FIG. 3-C shows that when the dictator selects the prompted dictation recording mode from the recorder display (35-36 and 53b in FIG. 3-A), the recorder uses the same process (54-67) to identify the desired template as it does in the previously described voice-prompt cue-template editing mode (FIGS. 3-C to 3-G). When this template identification process (54-67) is complete and the desired prompted-dictation voice-prompt cue template is found, indexed, and displayed (67), the dictator presses and releases the cue index button to begin cue-prompted dictation recording (105 in FIG. 3-H). The recorder plays the indexed first voice-prompt cue in the template (106) and signals the start of the recording session by sounding a single beep (107). The dictator then proceeds to dictate the first dictation segment as prompted by the first voice-prompt cue (108). When the dictator completes the dictation of the first segment, she optionally (109) cues and reviews the segment by pressing and releasing the cue index button to replay the voice-prompt cue and the dictated segment (110) and edits or rerecords the segment in the usual manner (111). When the dictator is pleased with the dictated segment recording (109), she closes the dictation of the current dictation segment by pressing and holding the cue index button (1 12) until the recorder acknowledges closure of the segment by sounding a one-half-second beep (113). The recorder enhanced memory controller (29 in FIG. 2) then checks for the next voice-prompt cue (114). If another cue exists in the template (1 15), the recorder audibly plays the cue (116). The dictator then presses and releases the cue index button to begin recording the next cue-prompted dictation segment (1 17). In the same manner as before, the recorder signals the start of the segment recording session by sounding a single beep (107). The process (107-117) continues until the recorder enhanced memory controller (29 in FIG. 2) finds no more voice-prompt cues in the stored template (I 15), sounds a one-second beep (118), and displays a message that no more template cues exist (119). The dictator acknowledges the message by pressing and releasing the cue index button (120). The recorder display then returns to the voice-prompt primary-modes menu (121) in order to again display the primary-modes selection options (35 in FIG. 3-A).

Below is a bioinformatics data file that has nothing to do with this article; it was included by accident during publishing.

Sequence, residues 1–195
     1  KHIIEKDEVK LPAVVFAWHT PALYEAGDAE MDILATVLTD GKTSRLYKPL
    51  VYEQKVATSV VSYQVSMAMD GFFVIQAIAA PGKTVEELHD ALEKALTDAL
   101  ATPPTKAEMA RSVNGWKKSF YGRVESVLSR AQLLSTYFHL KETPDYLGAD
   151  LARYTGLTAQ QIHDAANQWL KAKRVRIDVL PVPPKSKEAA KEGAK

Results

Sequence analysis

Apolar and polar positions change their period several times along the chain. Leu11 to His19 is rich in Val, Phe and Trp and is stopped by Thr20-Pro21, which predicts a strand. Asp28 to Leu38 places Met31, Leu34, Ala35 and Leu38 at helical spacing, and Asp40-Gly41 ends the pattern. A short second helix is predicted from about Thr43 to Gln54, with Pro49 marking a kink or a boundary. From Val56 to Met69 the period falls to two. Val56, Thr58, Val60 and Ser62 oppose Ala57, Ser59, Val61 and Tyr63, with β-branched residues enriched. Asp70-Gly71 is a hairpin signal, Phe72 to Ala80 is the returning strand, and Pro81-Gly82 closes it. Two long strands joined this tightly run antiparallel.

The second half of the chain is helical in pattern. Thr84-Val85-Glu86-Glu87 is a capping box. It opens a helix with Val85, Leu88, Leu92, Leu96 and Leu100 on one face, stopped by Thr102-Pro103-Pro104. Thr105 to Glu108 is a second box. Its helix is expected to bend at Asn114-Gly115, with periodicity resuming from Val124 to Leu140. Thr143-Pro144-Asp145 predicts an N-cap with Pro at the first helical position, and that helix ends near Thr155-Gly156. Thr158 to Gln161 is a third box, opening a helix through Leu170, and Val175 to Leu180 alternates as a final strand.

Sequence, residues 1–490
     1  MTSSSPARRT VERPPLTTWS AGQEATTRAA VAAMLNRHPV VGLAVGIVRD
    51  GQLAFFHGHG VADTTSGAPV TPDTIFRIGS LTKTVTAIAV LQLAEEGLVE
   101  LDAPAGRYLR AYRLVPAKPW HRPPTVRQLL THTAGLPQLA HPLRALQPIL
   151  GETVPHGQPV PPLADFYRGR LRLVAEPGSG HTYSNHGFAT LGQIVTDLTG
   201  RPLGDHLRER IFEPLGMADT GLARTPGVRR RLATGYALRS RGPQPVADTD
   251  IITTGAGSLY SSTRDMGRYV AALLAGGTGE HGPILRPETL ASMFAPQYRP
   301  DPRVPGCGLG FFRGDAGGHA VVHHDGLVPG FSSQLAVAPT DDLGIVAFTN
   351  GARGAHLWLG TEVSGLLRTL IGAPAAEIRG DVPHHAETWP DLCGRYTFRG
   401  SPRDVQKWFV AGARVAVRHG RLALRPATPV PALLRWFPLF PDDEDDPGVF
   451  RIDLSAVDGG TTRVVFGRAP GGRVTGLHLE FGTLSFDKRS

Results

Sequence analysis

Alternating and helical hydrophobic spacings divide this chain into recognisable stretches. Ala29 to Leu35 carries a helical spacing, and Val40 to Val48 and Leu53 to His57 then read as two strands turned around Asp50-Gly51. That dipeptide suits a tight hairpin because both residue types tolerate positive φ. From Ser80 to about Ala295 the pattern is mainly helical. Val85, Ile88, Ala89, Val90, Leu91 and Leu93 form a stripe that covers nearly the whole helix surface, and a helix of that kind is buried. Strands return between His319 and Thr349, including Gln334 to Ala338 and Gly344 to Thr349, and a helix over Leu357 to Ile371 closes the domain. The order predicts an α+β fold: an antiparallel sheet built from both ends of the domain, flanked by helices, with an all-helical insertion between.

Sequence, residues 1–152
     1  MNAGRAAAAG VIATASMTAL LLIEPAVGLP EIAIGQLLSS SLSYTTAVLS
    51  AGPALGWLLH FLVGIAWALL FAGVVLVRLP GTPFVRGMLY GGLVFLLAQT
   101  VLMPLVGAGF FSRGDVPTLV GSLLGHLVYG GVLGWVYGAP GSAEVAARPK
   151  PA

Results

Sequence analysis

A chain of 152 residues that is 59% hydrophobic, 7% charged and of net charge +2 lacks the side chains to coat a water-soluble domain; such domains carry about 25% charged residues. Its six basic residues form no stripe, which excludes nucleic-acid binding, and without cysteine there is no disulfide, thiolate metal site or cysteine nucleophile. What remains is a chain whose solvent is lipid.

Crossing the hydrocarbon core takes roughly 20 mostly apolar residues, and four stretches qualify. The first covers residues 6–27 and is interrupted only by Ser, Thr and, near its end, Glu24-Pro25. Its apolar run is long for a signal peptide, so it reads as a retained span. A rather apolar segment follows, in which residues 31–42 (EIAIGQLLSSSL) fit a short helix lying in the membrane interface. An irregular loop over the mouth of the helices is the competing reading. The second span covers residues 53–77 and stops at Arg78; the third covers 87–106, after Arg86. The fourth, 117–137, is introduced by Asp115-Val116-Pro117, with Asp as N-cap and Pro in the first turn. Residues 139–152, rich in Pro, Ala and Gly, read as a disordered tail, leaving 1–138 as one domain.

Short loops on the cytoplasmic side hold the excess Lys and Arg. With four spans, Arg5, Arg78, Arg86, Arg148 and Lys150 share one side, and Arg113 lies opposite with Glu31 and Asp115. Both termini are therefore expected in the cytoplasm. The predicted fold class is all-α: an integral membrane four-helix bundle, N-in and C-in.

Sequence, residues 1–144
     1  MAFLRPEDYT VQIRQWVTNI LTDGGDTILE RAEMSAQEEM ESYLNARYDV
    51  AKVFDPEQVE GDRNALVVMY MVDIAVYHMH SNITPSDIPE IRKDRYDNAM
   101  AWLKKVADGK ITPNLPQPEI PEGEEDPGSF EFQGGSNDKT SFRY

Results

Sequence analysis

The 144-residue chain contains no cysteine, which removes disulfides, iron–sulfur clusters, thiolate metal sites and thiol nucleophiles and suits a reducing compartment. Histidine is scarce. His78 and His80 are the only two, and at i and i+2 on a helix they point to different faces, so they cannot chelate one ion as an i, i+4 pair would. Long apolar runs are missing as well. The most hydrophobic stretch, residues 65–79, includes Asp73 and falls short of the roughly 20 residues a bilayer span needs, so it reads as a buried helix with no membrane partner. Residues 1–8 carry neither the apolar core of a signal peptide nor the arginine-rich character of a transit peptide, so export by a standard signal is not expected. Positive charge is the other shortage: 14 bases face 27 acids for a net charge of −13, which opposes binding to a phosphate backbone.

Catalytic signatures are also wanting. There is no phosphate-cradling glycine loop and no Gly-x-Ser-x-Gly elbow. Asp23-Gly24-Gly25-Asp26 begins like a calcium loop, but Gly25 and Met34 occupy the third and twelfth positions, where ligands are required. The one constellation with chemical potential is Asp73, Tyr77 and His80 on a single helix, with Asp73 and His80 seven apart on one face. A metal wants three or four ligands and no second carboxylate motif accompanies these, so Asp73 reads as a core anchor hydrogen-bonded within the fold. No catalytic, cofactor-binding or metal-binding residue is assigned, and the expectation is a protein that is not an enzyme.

Detailed Description: Prompted Dictation Editing Mode--FIG. 3-I

FIG. 3-I shows that when the dictator selects the prompted dictation editing mode from the recorder display (35-36 and 122 in FIG. 3-A), the recorder enhanced memory controller (29 in FIG. 2) searches (123) the dictation recording memory (30 in FIG. 2) for a dictation recording file and searches the separate voice-prompt cues memory (28 in FIG. 2) for a corresponding voice-prompt cues template. If the enhanced memory controller (29 in FIG. 2) does not find a dictation recording file in memory (124), the recorder sounds a one-second beep (125) and displays a message that no dictation recording was found (126). The dictator presses and releases the cue index button to acknowledge the message (127). The recorder display then returns to the voice-prompt primary-modes menu (144) in order to again display the primary-modes selection options (35 in FIG. 3-A).